The CRF runs a 49mm Showa steel-sprung USD fork (adjustable for preload plus compression damping) and is matched by a fully adjustable Showa rear shock, operated through a Honda Pro-Link. Brakes are a 260mm two-piston brake caliper at the front and a 240mm wave-pattern disc and single-piston caliper is at the rear.

What does all this mean? Luxury! This is a really plush setup softened from the CRF450r especially for the road legal version. It performed beautifully as I deliberately forced it to brake hard through corner apexes, pushed it into wet bomb holes and cross rutted it over across deep slimy ruts. To me (at the speeds I ride) this setup felt as good as the closed cartridge forks on the new 2018 Husqvarna bikes I was riding the week before at the Adventure Rider Centre in Spain. There is absolutely no compromise here, just superb suspension. Perhaps not perfect at race speeds, but as a trail rider looking for forgiveness at lower speeds, I loved it.


Fuel tank volume 7.6 litres. Lots of fuelling information available on the ‘clocks’. Average use(km/l), current use(km/l) and total fuel remaining (l).

I travelled only 70km by the end of my test day and checked my fuel consumption twice. Fast A-road riding (60-70mph) gave me 17.7km/l (50mpg) and very slow technical riding left me with 14.6km/l (41.5mpg). I have little doubt that extended 60mph cruising would see at least 20km/l. Oddly, these numbers match almost exactly those of my old DRZ400e...


Total stator output 135w. Lithium Ion battery. Power usage is broken down into, Lights 35w, Injector 40w, Fan motor 49w.

This tells us that the battery is NOT going to like very cold weather and unless it’s daylight (no headlight) and very cold (no fan) there will be no 90 spare watts of heated jacket capacity. However, there is more than enough spare power to charge a phone and keep a GPS running. I was unable to test the lights in dark conditions to see how effective the headlight unit was, but the multiple LED lens unit looked potentially more than enough to make the idea of extra lights redundant.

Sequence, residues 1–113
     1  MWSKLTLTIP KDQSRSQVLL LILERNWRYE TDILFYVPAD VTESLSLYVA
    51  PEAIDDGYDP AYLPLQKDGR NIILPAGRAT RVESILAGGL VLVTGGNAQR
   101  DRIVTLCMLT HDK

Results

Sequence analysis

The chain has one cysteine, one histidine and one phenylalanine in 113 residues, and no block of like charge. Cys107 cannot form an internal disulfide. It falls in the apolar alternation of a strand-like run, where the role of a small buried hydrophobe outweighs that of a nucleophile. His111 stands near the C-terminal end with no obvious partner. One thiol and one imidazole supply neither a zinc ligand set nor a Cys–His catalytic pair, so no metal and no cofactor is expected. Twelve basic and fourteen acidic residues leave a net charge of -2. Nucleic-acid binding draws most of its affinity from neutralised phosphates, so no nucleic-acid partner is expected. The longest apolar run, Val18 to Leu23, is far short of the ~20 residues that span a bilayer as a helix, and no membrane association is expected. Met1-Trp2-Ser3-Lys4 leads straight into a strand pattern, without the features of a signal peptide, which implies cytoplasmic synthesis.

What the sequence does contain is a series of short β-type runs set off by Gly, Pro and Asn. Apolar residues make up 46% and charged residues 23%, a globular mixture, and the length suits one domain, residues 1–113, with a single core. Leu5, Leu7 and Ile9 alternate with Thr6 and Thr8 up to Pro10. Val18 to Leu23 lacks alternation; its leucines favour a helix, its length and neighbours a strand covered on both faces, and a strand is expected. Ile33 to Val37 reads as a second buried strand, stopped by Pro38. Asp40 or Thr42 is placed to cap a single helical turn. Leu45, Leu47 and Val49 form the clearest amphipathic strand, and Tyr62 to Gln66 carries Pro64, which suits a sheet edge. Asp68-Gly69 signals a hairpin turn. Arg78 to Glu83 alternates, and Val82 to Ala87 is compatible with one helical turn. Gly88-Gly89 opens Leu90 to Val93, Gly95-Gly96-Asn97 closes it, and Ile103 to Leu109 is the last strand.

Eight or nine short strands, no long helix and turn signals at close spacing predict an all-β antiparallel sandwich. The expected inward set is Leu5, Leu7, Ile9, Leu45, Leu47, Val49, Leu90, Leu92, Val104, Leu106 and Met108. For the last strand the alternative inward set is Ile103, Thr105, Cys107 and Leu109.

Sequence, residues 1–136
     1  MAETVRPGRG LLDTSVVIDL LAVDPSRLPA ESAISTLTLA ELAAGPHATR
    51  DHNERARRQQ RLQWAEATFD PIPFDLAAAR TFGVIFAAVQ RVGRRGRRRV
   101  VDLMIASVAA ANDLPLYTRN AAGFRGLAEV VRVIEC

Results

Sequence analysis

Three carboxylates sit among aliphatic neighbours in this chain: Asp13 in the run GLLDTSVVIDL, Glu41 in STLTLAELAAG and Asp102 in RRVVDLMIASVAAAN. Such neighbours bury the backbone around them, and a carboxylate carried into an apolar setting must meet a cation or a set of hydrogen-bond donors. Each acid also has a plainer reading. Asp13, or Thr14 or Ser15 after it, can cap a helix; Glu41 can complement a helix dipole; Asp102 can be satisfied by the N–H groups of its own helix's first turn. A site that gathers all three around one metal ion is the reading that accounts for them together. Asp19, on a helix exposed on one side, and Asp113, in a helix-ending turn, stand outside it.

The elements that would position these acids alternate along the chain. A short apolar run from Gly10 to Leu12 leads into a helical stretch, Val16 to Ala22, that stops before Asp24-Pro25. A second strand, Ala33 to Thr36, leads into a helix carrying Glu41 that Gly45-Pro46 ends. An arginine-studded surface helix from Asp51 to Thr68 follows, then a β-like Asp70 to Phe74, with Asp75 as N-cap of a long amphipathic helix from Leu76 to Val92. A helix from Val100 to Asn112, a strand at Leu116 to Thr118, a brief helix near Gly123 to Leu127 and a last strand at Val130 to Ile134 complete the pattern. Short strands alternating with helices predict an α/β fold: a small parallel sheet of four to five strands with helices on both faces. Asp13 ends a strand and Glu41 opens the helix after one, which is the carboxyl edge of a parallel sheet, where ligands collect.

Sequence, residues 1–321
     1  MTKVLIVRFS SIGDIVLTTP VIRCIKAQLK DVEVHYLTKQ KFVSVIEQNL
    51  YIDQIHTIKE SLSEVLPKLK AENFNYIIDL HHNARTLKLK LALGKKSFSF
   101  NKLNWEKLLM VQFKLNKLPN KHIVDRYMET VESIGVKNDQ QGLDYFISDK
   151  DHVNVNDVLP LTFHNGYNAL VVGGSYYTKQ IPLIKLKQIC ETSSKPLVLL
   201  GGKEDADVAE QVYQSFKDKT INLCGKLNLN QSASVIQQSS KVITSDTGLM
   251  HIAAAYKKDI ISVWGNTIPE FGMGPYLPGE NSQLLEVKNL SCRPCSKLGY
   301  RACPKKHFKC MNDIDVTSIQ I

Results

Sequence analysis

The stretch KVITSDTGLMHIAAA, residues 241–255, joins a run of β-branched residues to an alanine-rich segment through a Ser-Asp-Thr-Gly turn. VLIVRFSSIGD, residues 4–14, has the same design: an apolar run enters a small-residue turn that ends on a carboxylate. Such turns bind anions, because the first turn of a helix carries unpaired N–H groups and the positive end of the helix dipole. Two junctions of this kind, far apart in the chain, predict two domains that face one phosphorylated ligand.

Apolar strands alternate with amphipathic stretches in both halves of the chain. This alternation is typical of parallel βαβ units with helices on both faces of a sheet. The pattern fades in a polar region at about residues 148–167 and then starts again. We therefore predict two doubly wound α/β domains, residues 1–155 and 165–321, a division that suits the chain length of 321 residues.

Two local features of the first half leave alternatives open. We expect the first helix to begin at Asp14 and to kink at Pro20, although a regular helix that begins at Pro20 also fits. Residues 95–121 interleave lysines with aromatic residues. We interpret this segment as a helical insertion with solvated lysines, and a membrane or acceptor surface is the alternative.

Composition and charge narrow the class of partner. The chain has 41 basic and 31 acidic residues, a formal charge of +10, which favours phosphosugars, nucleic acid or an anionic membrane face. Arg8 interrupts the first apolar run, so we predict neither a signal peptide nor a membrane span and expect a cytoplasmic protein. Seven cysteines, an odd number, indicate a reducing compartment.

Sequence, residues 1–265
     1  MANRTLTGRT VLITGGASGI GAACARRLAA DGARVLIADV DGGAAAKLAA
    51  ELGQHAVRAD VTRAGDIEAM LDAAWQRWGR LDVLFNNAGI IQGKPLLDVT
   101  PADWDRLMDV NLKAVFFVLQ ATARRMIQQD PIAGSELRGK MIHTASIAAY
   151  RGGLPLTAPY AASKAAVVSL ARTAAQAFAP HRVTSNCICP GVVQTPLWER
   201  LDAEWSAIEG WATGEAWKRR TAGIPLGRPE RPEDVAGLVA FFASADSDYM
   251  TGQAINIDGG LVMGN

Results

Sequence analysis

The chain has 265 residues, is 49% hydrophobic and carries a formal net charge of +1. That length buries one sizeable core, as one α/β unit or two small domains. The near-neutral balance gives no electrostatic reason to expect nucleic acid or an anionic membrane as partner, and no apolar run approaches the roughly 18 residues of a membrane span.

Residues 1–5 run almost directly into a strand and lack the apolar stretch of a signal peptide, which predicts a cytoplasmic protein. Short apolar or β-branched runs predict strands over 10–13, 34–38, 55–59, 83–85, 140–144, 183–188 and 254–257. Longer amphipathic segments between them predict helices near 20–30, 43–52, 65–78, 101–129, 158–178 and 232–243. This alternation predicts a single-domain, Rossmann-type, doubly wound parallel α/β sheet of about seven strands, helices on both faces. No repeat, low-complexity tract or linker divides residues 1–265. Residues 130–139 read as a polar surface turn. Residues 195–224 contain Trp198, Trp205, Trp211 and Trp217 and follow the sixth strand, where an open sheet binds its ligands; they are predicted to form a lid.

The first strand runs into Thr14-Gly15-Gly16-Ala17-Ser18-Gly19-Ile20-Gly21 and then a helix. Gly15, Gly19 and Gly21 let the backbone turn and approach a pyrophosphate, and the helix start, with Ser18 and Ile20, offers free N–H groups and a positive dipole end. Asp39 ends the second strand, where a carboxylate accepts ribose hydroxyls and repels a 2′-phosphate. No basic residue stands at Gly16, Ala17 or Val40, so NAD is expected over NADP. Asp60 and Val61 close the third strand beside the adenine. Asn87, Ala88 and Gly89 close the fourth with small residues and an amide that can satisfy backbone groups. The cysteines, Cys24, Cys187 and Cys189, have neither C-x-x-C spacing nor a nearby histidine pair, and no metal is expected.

A super slim back end (KTM style) is nicely supported by an aluminium square section triangle right out to the rear of the bike with four mounting points for a rear rack located on the underside of the rear fender (very exposed to dirt…). Perfect for a Giant Loop Mojave or Coyote bag with a roll bag on top whilst still leaving plenty of space on that after market rear rack for day to day extras, should you choose to fit one.


Continuing to force the bike to do what wasn’t sensible (in the name of suspension testing, obviously) was guaranteed to end only one way and eventually I went down cross-rutted in a soggy leafy dip. By this time I was tired and out of breath having just completed about 20 laps of a slippy, riverbed-centred loop, and this was exactly what I wanted! Ideally I’d have had luggage on the bike too, but as this wasn’t possible I lifted without and to be honest for a 130kg bike I found it surprisingly easy. Weight seems to be kept low and there were no problems finding things to grab.

Once lifted one mirror rotated forlornly and needed a spanner to reset, a set of DoubleTake mirrors needed there then. Other than that the bike was unscathed and started perfectly first stab of the button despite being slightly under horizontal for a good 45 seconds. Overall a good result, but I still think we were lucky. There are no handguards fitted on this bike as standard, which means every drop is potential broken lever. For me, a set of aftermarket Cycra Handguards would be an essential addition.


The bike rode well. Really well. An extra 18mm length on the swingarm reduces the tendency of the front to lift on the road and gave a nicely stable planted feel through tarmac bends, great if you have luggage on the back!). At speeds in excess of 70mph there was non of the scary high speed weave you often associate with asphalt dirt bike riding.

Offroad it was very comforting and neutral. No fear of being spat off by a tired throttle hand, progressive brakes and a really slim chassis gave a very natural riding position. If there was one thing I wasn’t too sure about it was the low speed fuelling. I found that at times it stalled and that the bike didn’t seem to ‘lug’ at low revs quite as well as I’d expected it to, but that may have been my 2-stroke throttle style, only more riding time would tell. What I can say is that better riders than me at the launch seemed to adapt quickly to the issue.

I think the best way I could describe the bike would be to say that it felt like a sophisticated, well mannered dirt bike with non of the loud and bad habits associated with the usual 450 dirt monsters that I am familiar with. Stealth silent, comfortable and easy to ride I’d certainly be up for taking a CRF450l on a longer ride into some more remote terrain.


Adventure Spec manufacture lightweight and tough hard parts for the Honda CRF450L. Mini Fairing, luggage racks, skid plates and more.